The symptoms and condition of a UTI may worsen after drinking alcohol. If you have a kidney infection, drink plenty of water and meet with your doctor straight away.
You can use heat or pain medication to reduce discomfort. You will usually be prescribed antibiotics, too. Severe or recurring kidney infections may need surgery or hospitalization.
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Overcoming Addiction And Healing The Body
Urinary tract damage can occur rapidly due to the level of toxicity associated with substance abuse. When an individual is struggling with substance abuse for an extended period of time, it is not uncommon for the user to experience painful urinary tract complications. Long-term addiction can also lead to irreparable damages to the kidneys and bladder to a degree in which the body cannot heal. Making the decision to enter a rehabilitation program, overcoming addiction, and maintaining abstinence can prevent further damage to the urinary tract and other vital organ systems. If an individual is suffering from substance abuse induced urinary tract damage, it is absolutely imperative for the individual to enter a comprehensive treatment program that effectively addresses co-occurring medical disorders.
The Link Between Alcohol And Kidney Disease
Although many factors can lead to kidney disease, chronic AUD is a common one. Even though your family history and lifestyle affect your risk of kidney disease, alcohol greatly increases your chance of developing kidney disease.
If you misuse alcohol, you will start to experience issues with your kidneys. But, chronic misuse increases these issues. As a result, you can develop kidney damage and kidney disease.
Moreover, if you develop kidney disease from alcohol or any other reason, you will also have other health issues.
Alcohol and kidney disease also leads too:
- Chronic fatigue
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How Alcohol Travels Through Your Body
Your bloodstream distributes alcohol quickly to your brain, kidney, lungs and liver. On average, your liver takes an hour to break down one unit of alcohol. This can depend on:
- your weight
- how quickly your body turns food into energy
- how much food youve eaten
- the strength and type of alcohol
- any medicine youre taking
How Does Alcohol Affect Your Kidneys
The effects of alcohol on your kidneys can lead to many health issues. Find out how treatment for alcohol misuse at Discovery Institute can reduce the risk of kidney disease.
Reviewed by Dr. Jeffrey Berman, MD
Get started on your road to recovery.
We all know that drinking too much alcohol is bad for our health. But, this is especially true for alcohol and your kidneys. Having a few drinks now and then wont typically affect your health. However, misusing alcohol and alcohol use disorder can affect the kidneys and lead to kidney disease. If you are struggling with AUD, treatment at Discovery Institute can help you.
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Alcohol And Kidney Disease
Drinking alcohol heavily can have several long-term health consequences including type 2 diabetes and high blood pressure. These conditions commonly lead to kidney disease. Excessive drinking is considered to be more than four drinks per day. This doubles your risk of developing chronic kidney disease or long-term kidney damage. The risk increases if youre a smoker.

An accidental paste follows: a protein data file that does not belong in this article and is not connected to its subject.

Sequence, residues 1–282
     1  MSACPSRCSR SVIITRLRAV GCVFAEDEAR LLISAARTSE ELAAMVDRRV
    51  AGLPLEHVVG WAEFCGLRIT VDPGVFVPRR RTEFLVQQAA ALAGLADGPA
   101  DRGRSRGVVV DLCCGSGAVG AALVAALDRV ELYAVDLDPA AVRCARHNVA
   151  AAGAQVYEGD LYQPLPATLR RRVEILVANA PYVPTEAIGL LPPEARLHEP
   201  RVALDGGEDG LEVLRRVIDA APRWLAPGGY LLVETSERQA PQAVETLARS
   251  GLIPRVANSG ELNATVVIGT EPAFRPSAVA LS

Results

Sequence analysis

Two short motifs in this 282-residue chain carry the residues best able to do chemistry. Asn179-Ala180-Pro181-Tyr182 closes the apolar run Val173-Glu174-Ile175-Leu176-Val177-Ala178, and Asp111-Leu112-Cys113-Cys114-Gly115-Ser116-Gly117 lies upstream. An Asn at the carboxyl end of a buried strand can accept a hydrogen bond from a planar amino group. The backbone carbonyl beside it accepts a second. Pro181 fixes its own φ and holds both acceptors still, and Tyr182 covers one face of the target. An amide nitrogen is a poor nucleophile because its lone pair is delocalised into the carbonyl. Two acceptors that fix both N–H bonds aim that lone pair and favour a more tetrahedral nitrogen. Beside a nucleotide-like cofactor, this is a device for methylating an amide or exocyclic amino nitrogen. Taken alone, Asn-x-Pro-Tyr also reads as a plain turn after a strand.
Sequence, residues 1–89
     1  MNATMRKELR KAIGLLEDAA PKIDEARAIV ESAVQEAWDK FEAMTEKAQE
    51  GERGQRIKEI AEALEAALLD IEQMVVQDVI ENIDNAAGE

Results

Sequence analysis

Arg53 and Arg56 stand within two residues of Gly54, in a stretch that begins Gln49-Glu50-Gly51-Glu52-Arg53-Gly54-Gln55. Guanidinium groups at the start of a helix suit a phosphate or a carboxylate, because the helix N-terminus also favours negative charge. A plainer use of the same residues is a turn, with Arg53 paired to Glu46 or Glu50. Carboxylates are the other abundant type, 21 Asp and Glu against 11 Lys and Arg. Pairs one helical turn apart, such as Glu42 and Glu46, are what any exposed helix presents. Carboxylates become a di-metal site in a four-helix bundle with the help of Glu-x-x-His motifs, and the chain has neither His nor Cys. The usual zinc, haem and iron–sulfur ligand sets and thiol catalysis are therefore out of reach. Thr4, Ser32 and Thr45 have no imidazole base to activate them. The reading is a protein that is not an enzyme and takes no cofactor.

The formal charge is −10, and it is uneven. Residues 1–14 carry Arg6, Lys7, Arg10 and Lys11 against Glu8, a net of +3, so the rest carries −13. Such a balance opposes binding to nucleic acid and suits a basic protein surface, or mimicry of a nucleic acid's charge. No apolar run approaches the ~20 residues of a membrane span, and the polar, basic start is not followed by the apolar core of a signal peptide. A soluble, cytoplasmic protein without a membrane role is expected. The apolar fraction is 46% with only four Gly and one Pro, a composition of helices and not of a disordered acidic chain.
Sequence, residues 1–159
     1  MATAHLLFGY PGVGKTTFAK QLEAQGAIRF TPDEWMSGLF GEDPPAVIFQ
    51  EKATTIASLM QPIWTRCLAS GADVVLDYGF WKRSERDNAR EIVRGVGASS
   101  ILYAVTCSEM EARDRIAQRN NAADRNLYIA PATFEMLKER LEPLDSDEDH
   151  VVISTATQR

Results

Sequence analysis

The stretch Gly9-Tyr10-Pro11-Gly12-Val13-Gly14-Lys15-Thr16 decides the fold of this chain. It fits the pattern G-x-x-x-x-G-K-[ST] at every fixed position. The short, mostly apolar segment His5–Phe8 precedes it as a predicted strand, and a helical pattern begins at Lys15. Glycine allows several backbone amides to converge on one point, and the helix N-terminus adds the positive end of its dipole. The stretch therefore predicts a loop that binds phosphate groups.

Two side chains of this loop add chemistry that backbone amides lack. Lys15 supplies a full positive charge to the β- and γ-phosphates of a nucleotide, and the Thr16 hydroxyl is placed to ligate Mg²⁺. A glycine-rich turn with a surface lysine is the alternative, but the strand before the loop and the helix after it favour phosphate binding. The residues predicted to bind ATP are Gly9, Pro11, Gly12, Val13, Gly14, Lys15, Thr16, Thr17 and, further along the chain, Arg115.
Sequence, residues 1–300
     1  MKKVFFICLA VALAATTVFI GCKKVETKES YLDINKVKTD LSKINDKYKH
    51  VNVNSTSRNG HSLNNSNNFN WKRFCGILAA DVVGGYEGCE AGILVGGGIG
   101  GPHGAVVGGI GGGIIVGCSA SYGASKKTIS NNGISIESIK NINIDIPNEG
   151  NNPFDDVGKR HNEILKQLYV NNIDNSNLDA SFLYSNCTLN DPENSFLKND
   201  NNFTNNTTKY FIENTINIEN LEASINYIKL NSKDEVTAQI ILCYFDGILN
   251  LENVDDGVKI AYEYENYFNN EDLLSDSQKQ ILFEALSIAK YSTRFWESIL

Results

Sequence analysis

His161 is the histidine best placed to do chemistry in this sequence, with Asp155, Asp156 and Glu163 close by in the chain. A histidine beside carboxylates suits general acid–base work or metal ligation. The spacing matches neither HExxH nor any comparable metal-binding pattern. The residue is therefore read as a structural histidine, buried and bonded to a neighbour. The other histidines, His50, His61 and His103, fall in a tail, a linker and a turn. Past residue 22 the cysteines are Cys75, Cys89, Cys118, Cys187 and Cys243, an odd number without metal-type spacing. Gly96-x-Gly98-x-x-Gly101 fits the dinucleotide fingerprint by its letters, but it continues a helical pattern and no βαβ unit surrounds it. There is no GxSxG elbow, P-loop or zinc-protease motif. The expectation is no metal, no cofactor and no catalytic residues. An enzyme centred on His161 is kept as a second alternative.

Kidneys that have been overworked due to excess alcohol consumption dont function properly. This makes them less able to filter blood and maintain the correct water balance in the body. The hormones that control kidney function can also be adversely affected.
Heavy drinking can also cause liver disease, which makes your kidneys have to work harder. When you have liver disease, your body doesnt balance the flow and filtering of blood as well as it should. This has a harmful effect on your overall health and can increase the chance of complications.
Treatment For Alcohol Misuse And Kidney Disease
Treatment for AUD varies depending on your needs. If you struggle with chronic alcohol misuse, treatment begins with a medical detox program. Afterward, treatment may involve a variety of therapies in either inpatient or outpatient settings.
Treatment for AUD may include:
- Detox and withdrawal Medical detox provides a safe place for you to withdrawal from alcohol. Detox typically lasts up to 7 days, but that also depends on the person.
- Psychotherapy Therapies in individual and group settings are a vital part of treatment. Therapy sessions can help you better understand yourself and your issue with alcohol. Because family is crucial in treatment, family therapy is often part of treatment.
- Medication management For some people with AUD, the use of medications in treatment is vital. The changes that alcohol causes to the brain can be lethal when a person stops drinking.
- Treatment for other mental health issues Many people who misuse alcohol also have a mental disorder. As a result, dual diagnosis treatment offers whole-person treatment. It also lowers a persons relapse rate.
- Holistic or alternative therapies Many treatment centers offer holistic therapies. These therapies may include yoga, meditation, mindfulness.
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Should I Be Concerned About The Health Risks Of Drinking Alcohol
Moderate drinking can be a part of a healthy lifestyle, but its important to understand the effects that chronic drinking can have on the body.
There are many health risks of consuming excessive alcohol use over time. This is why its important to see your healthcare provider regularly and be open and honest about how much alcohol you drink so you any health-related damage can be found early. Regular health check-ups and blood tests can help detect early signs of disease in the brain, kidneys and liver. If youre in Connecticut and would like to find a doctor near you, you can locate a board-certified PACT primary care physician using our searchable list here.